me into his room to show me that picture-and will Suddenly Harry became grave, and said, in an you believe, it is only a bad portrait of yourself! earnest tone, “Shall I tell you, Kate, just the state of Harry sketched it long ago for Louisa Grant, but my heart ?''

has lately been making some important alterations, “Don't trouble yourself,” she coolly replied, “it and now he thinks il strikingly like you. I really is a matter of no moment to me."

wonder we did not see the resemblance; the poetry There, now, you are insincere,” said Harry, was meant for you alone." with a saucy smile, leaning forward to strike a fly “Oh, Grace, Grace!" murmured Kale, in a bitter from Saladin's neck, “it is a matter of some mo- tone, “ if you had only told me this before I went ment to you, for you know that I love you, and that to ride !" you are not entirely indifferent to my love."

At breakfast, the next morning, there was no Harry “Sir, you mistake in addressing such language to –wo hours before he had whistled his dog and me-you are presuming," said Kate, with a petri- shouldered his gun, and set out on a crusade in fying hauteur; and giving her horse a smart cut Turkey-land. But long before noon the young hunter with the whip, galloped on. Surprised, and some- returned, and inquiring for Kate, was directed to the what angry, Harry checked his own horse, and gazed library, where she sat, striving to drive away her after her till she was lost in a bend of the winding sad mood, according 10 her own cheerful philoroad. As he stood by the side of the rivulet, Saladin sophy, by light reading. She had chosen “ Hood's Prose and Verse," instead of Miss Landon's Poems, nearer Kate, “it is time I at least was serious, for which stood on the same shelf.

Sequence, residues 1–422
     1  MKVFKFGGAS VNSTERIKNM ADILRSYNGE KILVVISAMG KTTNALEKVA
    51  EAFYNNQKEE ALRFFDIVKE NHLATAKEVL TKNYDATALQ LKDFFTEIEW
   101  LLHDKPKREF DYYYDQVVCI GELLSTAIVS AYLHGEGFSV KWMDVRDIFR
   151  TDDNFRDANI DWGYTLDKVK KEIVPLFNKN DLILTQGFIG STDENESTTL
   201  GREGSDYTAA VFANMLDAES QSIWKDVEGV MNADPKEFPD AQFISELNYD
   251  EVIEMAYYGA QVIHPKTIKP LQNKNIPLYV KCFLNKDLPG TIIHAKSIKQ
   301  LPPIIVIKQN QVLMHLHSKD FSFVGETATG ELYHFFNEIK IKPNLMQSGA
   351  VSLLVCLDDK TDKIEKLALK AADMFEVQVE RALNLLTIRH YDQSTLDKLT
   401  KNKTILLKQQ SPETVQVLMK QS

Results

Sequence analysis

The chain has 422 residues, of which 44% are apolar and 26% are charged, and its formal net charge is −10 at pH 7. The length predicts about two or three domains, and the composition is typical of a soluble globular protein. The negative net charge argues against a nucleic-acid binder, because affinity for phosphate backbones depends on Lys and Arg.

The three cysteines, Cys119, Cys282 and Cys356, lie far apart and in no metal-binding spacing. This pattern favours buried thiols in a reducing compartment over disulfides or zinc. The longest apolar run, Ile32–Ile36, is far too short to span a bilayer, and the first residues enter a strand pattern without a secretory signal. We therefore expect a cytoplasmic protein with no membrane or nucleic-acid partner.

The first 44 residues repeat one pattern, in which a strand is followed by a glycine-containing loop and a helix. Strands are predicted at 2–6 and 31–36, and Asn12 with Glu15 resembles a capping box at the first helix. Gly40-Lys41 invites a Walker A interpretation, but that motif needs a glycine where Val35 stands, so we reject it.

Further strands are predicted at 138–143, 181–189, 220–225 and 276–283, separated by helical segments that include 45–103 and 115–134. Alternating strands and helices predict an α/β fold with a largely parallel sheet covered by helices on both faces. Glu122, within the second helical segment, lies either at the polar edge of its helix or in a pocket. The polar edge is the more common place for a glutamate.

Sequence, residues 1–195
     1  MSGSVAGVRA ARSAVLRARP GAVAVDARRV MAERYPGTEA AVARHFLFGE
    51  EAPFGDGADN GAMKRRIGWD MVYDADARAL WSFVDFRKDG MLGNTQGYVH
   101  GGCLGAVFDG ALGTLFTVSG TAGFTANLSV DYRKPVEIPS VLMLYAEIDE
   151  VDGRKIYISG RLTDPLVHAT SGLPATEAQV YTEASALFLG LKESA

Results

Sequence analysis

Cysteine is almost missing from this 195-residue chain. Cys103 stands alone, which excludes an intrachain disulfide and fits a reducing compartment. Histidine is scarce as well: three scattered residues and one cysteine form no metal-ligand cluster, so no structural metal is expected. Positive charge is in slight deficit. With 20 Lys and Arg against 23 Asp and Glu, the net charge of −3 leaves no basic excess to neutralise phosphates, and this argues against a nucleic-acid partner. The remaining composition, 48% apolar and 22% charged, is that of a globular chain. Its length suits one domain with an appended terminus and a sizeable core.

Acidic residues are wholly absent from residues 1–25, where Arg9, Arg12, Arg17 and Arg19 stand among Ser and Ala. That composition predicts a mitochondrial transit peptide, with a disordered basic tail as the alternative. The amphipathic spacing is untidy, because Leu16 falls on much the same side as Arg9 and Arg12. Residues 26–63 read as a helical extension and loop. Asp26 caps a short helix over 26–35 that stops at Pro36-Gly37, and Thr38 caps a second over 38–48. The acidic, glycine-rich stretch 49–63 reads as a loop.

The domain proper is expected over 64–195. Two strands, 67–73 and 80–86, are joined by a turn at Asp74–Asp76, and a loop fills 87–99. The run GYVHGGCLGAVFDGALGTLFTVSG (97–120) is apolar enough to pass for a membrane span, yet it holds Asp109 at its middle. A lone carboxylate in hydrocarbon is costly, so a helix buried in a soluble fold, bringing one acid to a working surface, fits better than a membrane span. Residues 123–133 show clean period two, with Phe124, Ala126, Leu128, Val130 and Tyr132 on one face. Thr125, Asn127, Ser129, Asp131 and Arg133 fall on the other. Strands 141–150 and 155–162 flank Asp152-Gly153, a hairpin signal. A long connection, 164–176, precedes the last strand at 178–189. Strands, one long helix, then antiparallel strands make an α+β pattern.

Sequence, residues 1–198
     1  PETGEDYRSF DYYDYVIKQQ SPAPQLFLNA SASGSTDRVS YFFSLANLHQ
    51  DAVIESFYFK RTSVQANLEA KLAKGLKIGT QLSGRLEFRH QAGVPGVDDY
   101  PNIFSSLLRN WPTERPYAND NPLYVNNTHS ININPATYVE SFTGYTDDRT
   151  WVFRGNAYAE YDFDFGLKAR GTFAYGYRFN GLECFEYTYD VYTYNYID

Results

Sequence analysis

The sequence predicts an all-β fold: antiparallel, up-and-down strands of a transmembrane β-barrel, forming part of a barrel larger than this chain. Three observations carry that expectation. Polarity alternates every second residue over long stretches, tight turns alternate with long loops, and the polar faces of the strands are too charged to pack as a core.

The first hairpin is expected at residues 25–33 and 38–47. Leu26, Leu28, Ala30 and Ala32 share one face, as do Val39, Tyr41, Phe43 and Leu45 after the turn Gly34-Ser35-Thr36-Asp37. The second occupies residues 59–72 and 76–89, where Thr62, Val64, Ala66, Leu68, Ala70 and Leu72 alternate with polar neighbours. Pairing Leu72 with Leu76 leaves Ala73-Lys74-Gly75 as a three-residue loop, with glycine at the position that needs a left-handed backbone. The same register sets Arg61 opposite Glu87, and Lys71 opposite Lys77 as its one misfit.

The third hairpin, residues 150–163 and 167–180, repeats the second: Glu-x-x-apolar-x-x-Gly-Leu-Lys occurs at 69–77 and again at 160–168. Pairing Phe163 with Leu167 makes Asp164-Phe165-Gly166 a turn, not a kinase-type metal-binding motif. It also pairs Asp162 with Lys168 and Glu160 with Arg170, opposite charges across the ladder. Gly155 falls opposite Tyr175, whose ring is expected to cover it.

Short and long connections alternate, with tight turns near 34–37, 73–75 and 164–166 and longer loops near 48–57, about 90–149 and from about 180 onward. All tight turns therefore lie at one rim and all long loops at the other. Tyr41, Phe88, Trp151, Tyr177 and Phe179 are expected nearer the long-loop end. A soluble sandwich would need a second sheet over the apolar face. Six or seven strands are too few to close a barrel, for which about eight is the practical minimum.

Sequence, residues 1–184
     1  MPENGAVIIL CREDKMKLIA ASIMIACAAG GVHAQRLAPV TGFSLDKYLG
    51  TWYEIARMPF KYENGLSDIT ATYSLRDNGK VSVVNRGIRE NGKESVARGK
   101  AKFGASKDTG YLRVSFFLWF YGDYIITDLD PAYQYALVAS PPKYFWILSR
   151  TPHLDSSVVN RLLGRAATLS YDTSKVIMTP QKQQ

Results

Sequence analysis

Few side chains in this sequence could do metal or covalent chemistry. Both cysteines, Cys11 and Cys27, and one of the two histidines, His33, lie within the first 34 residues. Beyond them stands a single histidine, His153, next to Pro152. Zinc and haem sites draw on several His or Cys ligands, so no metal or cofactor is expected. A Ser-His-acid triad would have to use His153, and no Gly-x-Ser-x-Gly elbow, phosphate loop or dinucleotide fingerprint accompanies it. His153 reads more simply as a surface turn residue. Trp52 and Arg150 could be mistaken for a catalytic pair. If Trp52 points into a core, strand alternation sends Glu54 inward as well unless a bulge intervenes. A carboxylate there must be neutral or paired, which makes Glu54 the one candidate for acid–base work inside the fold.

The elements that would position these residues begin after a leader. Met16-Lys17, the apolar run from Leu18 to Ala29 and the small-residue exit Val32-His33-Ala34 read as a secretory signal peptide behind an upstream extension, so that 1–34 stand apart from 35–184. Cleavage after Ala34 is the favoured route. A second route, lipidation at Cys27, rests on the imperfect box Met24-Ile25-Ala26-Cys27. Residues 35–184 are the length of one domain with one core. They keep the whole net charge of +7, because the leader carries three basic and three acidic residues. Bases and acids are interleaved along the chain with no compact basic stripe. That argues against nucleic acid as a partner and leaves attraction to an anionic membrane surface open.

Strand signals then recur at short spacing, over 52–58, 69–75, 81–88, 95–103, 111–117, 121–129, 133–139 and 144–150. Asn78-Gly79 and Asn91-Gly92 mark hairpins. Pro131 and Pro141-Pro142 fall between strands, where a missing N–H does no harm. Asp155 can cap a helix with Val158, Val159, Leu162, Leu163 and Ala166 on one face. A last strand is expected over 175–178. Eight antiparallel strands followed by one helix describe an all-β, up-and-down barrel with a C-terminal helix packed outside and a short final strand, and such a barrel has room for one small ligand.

the deepest and strongest feelings of my heart will Again I must tell the story as it was told to me. make themselves heard. Kate, dear Kate, whether

As Harry entered, Kate coloring deeply, started it gives you pleasure to know it, or not, I must iell up-stood still a moment, and then sat down again, you how truly, how devotedly, and, though you will uttering not a word. Harry, seating himself near scarce believe that, how reverentially I love you! her, took off his hunting-cap, ran his fingers nervously I am a strange, wild fellow, Kate, somewhat rude through bis hair, and in a tolerably steady voice and over-mirthful; but you, I am sure, can make me began,